On Tuesday, Aug. 3, I was invited by Linder Farm Network to briefly talk markets at a friendly gathering at Farmfest 2021 near Redwood Falls, Minnesota. At the top of the conversation, I announced that December corn was trading down 7 cents and soybeans were down 35 cents. As you can imagine, the news was as welcome as a skunk at a garden party.
Not only were soybeans down sharply, they actually closed below the 100-day average for only the third time since June 2020. From a seasonal perspective, this technical break in the uptrend was about a month late, but still in line with the usual tendency for soybean prices to head lower toward harvest.
Keep in mind, the western Minnesota audience I was speaking to are trying to raise corn and soybean crops in very difficult conditions in 2021. Some have not had a good rain since planting time, and before that, you have to go back to the summer of 2020. It was surprising to me but crops in the region looked good enough that a couple of beneficial rains in August could still do wonders. Talking to producers, however, the stress was obvious.
At DTN, we advocate looking at markets from several perspectives and Tuesday's technical break is a good example of why it is important to also have a fundamental context in addition to what we see on the charts. From a fundamental view, U.S. soybean supplies remain historically tight.
Granted, cash soybean prices are down roughly $3 from their May peak, but Thursday's DTN National Soybean Index of $13.51 per bushel is still among the highest prices seen since 2014. August soybeans, just one week away from expiration, are priced over 60 cents above the September contract and have yet to encounter a delivery -- a bullish indication of how strong commercial demand is for the current soybean market.
Here in early August, traders are fixated on weather and trying to estimate the size of this year's soybean crop. It is well known by now that soybean crop conditions are severely stressed in the Dakotas and could suffer some loss in Minnesota and Iowa but are in generally good shape everywhere else.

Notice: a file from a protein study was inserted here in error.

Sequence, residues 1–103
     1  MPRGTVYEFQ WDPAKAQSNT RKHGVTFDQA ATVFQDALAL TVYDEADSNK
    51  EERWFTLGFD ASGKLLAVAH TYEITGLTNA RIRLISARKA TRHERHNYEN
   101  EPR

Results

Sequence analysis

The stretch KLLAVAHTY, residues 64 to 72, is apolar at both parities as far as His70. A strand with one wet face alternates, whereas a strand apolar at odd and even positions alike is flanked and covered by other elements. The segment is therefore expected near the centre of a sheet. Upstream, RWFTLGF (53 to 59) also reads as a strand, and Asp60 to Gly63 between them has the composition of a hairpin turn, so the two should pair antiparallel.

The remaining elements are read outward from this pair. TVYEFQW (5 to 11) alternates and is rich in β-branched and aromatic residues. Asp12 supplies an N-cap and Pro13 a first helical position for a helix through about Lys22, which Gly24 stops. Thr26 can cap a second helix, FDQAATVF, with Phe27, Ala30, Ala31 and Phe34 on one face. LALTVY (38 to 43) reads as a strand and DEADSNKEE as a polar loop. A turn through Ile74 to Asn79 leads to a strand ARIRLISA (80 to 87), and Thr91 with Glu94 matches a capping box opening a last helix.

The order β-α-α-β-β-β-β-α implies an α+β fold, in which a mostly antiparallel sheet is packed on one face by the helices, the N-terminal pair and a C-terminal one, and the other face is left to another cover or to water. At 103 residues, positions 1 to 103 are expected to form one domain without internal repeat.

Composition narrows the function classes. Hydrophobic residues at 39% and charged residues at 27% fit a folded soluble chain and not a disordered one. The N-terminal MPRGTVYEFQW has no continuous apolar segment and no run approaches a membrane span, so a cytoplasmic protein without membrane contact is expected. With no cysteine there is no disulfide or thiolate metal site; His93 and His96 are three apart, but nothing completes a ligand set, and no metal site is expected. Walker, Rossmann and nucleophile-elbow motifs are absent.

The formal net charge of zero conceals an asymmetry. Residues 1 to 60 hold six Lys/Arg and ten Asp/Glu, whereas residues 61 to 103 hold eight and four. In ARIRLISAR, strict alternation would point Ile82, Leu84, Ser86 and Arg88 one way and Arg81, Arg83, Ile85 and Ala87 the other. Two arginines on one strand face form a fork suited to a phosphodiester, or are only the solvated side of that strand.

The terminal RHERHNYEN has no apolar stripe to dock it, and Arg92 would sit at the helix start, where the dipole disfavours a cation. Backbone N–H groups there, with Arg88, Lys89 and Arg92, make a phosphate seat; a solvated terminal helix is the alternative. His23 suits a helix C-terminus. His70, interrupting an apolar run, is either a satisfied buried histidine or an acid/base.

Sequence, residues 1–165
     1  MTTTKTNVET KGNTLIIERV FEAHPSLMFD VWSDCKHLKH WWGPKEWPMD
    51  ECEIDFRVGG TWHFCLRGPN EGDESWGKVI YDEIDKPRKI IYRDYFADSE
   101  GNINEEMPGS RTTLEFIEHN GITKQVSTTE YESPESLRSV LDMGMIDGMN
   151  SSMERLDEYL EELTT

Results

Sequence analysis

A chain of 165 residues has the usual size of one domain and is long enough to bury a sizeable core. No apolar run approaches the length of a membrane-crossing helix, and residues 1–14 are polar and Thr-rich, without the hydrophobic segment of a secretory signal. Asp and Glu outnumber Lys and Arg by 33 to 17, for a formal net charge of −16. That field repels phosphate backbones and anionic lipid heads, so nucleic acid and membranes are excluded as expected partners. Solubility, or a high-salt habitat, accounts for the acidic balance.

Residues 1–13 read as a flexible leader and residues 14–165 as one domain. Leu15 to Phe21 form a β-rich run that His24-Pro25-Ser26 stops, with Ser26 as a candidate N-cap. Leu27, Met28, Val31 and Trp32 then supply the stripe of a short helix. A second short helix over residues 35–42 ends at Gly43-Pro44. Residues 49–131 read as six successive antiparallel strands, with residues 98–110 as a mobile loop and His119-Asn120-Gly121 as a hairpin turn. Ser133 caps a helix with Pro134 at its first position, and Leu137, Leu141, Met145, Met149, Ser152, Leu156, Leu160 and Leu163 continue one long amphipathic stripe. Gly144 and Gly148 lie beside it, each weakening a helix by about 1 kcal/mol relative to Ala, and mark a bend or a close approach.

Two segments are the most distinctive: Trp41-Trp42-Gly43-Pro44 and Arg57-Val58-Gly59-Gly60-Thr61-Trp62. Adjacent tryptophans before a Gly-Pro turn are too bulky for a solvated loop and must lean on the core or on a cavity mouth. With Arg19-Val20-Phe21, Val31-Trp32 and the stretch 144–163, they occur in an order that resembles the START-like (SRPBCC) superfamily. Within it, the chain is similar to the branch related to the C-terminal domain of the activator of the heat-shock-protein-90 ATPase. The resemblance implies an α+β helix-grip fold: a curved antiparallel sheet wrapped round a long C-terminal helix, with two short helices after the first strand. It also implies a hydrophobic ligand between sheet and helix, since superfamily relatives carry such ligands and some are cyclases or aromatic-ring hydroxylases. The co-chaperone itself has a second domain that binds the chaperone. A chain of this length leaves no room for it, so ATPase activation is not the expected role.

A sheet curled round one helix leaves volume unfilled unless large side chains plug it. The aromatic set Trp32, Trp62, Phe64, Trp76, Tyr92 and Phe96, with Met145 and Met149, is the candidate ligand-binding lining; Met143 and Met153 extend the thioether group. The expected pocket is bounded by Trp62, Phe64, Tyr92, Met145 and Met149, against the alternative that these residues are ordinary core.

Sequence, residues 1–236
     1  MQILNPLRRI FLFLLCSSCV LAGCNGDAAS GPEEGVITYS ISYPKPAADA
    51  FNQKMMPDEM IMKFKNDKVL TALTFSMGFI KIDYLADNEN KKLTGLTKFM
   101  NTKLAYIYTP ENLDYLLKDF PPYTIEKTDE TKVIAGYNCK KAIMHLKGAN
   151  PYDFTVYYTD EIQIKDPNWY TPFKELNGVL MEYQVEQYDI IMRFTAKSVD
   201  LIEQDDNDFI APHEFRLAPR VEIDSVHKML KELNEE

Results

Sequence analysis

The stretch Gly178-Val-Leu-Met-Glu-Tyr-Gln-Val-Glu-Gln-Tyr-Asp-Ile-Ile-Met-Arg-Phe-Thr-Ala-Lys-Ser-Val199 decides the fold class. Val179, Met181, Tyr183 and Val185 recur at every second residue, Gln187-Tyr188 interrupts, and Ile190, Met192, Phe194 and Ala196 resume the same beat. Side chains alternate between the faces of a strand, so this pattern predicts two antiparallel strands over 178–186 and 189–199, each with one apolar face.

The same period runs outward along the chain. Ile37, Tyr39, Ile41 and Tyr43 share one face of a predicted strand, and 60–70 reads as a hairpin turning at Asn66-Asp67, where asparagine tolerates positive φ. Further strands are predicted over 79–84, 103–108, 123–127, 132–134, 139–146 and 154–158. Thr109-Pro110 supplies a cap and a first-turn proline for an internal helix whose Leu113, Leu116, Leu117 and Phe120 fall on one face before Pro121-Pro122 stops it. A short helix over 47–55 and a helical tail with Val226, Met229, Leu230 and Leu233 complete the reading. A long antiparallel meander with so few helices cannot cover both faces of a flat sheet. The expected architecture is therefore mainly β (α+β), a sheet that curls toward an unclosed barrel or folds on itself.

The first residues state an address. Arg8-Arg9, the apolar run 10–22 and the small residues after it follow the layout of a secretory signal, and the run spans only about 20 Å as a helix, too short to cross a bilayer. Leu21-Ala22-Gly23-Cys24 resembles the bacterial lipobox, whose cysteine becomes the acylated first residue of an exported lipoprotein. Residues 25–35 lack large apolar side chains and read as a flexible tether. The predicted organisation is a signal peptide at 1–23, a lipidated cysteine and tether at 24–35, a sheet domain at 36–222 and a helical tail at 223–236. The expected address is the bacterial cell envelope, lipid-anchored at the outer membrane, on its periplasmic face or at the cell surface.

In all the hubbub over this year's yields, we shouldn't forget USDA's estimate that only 87.6 million acres of soybeans were planted. Even if harvested acres held steady and soybeans matched their all-time national record of 52.0 bushels per acre, we're only talking about a 4.50-billion-bushel crop -- not enough to build much, if any surplus in 2021-22.
Part of Tuesday's selling may have been related to growing concerns about the COVID-19 delta variant. Confirmed cases of the variant are on the rise in several parts of the world, including the U.S., several Asian countries and in China, where last year's pandemic began.
The threat to soybean and other grain prices is not so much that people will stop eating, but that commerce will become so difficult again, causing the flow of grain could be interrupted. Theoretically, we can't rule out the possibility of another economic logjam, but so far market clues favor the anticipation of another year of strong demand for U.S. soybeans.
The most bullish piece of recent evidence comes from Brazil where FOB soybean prices for September have become more expensive relative to the U.S. Thursday's closes showed the gap at 47 cents per bushel in favor of U.S. soybeans at the Gulf, enough to overcome Brazil's advantage in shipping costs and still look good to Chinese importers.
The bottom line is, similar to a year ago, China has purchased Brazilian soybeans so aggressively that they will soon be turning to the U.S. for more new-crop soybeans. Even after buying much of Brazil's record soybean crop, September soybean prices on China's Dalian exchange show no sign of breaking down and are priced at the equivalent of $18.29 per bushel.
Uncertainty is always a factor when we try to look ahead and surprises do occur. Here in early August, weighing all the important factors for soybeans that we currently know, it is difficult to put much stock in Tuesday's technical sell-off, and I expect soybean prices to show better consideration for demand once we get more settled about harvest.
As I mentioned, life has its share of surprises. Driving west from Farmfest on Thursday afternoon, I encountered a good soaking rain; I had almost forgotten how good rain smelled.
Comments above are for educational purposes only and are not meant as specific trade recommendations. The buying and selling of grain or grain futures or options involve substantial risk and are not suitable for everyone.
Todd Hultman can be reached at Todd.Hultman@dtn.com
Follow him on Twitter @ToddHultman1
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